The award-winning Bullitt Center in Seattle features warm softwood interiors made up of glulam Doug Fir columns and beams. The six-storey office building is commonly regarded as ‘the greenest office building in the world’. It has a waterless composting toilet system, rainwater harvesting system, and rooftop solar panels that yield an annual net zero energy use.
Mixing materials for the most effective structure and exposing the lumber frame not only saves on materials and time, but also shows the texture and richness that wood visually provides within the space, said Brian Court of Seattle-based Miller Hull. The natural finish is an expressive element of the building’s design, and resonates with tenants: surveys from employees working in the Bullitt Center report that the number one most-loved aspect of the building is the exposed wood, a critical component that brings life to the workplace during the Pacific Northwest’s long, grey winters.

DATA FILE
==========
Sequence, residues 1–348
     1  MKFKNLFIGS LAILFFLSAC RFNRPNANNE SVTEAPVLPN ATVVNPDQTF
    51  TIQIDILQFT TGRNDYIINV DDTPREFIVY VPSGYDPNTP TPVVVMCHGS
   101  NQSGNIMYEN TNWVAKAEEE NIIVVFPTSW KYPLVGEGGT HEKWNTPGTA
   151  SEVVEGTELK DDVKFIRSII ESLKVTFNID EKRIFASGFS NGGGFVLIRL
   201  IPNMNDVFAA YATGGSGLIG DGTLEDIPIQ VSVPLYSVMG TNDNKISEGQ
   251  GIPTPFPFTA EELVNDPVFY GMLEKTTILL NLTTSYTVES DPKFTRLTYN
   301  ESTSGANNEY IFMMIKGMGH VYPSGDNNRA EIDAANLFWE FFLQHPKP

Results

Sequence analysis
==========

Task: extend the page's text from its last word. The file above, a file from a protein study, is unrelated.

“There is a movement where spaces are more flexible, fluid, less prescribed–timber is an element of that,” explained Court, at one of the many seminars he gave in Guadalajara and Beijing on Green Building during August and October last year. “It resonates with people on a primal, emotional level.”
The texture and visual richness of softwoods are one of the best-loved features of the Bullitt Center
Exposed lumber gives life to the interiors of the Bullitt Center
The Bullitt Center in Seattle, considered to be the world’s greenest office building
Images: Bullitt Center
Source: US SEC/ Edited by Panels & Furniture Asia